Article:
deserves a mention
a clip - Now That We Found Love
Rapper Heavy D - who died this week at the age if 44 - was trying to get fit at the time of his death, it has been reported.
The Now That We Found Love hitmaker, who lost 150lbs in 2008, was embarking on daily runs and frequent gym sessions having fell off the health wagon, according to TMZ.com. Heavy D, real name Dwight Arrington Myers, died in Los Angeles on Tuesday.
Neighbours have speculated he died following a heart attack and also claimed he was suffering pneumonia - although official autopsy results are still to be released.
At the time of his death the 6ft4 star weighed in at 344lbs, TMZ reports. Heavy D's weight yo-yoed over the years. In 2003 he lost 135lbs - although he claimed it was in a bid to get film roles, not health related. Three months before his untimely passing, he visited LA gym Ultra Body Fitness in West Hollywood to work out a new fitness programme.
One of his most recent trainers spoke to TMZ, saying Heavy D was working out six to seven times in the lead up to his death.
The personal trainer - named only as Tony - told the gossip website Myers diversified his routine with boxing and hiking.
Staff at Ultra Body Fitness have now erected a small memorial in his honour in the wake of this week's sad news.
Tributes for the lead rapper of Heavy D and the Boyz have flooded out thick and fast from members of the Entertainment industry.
U Can't Touch This singer MC Hammer tweeted: 'We had a lot of great times touring together. He had a heart of gold. He was a part of what's good about the world.'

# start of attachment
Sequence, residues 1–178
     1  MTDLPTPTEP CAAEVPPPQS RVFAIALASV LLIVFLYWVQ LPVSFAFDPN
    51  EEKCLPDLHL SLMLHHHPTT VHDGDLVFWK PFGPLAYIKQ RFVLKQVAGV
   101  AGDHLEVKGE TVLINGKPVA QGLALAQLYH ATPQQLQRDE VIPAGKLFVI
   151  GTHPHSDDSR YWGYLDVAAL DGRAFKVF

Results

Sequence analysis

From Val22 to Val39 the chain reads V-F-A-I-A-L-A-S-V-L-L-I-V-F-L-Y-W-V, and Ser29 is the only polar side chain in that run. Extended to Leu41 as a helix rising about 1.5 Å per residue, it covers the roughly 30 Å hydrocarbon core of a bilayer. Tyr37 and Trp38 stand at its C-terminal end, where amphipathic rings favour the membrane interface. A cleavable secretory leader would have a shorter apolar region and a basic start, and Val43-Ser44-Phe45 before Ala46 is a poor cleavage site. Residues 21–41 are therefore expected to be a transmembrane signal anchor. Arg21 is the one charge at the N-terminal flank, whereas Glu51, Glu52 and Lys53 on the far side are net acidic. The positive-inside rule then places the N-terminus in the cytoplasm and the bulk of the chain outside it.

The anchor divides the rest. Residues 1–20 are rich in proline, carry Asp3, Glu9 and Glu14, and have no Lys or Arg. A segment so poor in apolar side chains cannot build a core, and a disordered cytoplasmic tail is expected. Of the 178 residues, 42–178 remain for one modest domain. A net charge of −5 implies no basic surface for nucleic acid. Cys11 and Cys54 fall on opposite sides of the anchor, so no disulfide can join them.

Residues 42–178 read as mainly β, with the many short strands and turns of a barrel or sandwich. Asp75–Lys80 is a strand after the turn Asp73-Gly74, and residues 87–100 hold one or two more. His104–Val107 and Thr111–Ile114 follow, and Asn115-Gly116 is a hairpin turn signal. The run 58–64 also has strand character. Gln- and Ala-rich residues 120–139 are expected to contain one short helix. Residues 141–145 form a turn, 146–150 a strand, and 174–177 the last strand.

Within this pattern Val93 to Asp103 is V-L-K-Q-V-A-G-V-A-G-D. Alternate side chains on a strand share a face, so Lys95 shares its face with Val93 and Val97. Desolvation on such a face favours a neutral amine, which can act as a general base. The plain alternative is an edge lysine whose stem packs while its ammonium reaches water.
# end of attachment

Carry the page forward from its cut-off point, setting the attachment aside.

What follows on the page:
Rapper Diddy - real name Sean Combs - had a special connection to the dead rapper. 'Heavy D is the person who gave me my 1st chance in the music industry,' he revealed. 'He got me my internship at Uptown. He Believed when no one else did. My Heart is Broken. Pls pray for my man Heavy D and his Family. PLS #RipHeavyD love you Boy. 4ever'
The performer was rushed to hospital on Tuesday after being found in an exterior hallway in his apartment building, according to TMZ.
His neighbours have said he had a heart attack, though it has not yet been confirmed and police are investigating.
A business associate of the singer said that he had pneumonia at the time of his death.
The website spoke to law enforcement, who recounted Myers' last moments.
'Heavy D had just returned from shopping and walked up some stairs when he began having trouble breathing.'
'Adam Mills, a designer who was in the building and knew Heavy D, found him leaning against a railing and clearly in distress.'Mills spoke to TMZ, telling them that he cradled the rapper in his lap as others called 911.
Heavy D was conscious at the time, telling Mills: 'I can't breathe, I can't breathe.'
When the paramedics arrived, he still had a pulse.
A police statement read: 'There are no obvious signs of foul play, and at this time his death is believed to be medically related.'
The case has been referred to the Coroner's Office to determine the official cause of death.
The star, who enjoyed success during the nineties, was pronounced dead at an LA medical centre at 1pm.
Heavy D performed at the BET Hip Hop Awards only last month. He followed it up by taking part in the Michael Jackson tribute concert in Cardiff, Wales, where he was joined by the King of Pop's sister La Toya Jackson on stage.
Heavy and his crew released their debut album Living Large in 1987. Their hits included Now That We Found Love, Who's the Man and Somebody For Me.
In the mid-1990s, Heavy D became president of Uptown Records, the label that released most of his albums and was the home to acts like Mary J Blige and Jodeci.
He also created the theme songs for sketch comedy shows In Living Colour and MADtv and acted on the TV shows Boston Public and The Tracy Morgan Show, as well as in the films Life and Step Up.
He collaborated with Michael Jackson on the 1991 single Jam and the 1997 duet Keep It Coming with BB King.
His latest album, Love Opus, was released in September.
He also had a cameo appearance in the new movie Tower Heist, starring Eddie Murphy and Ben Stiller, playing a courthouse guard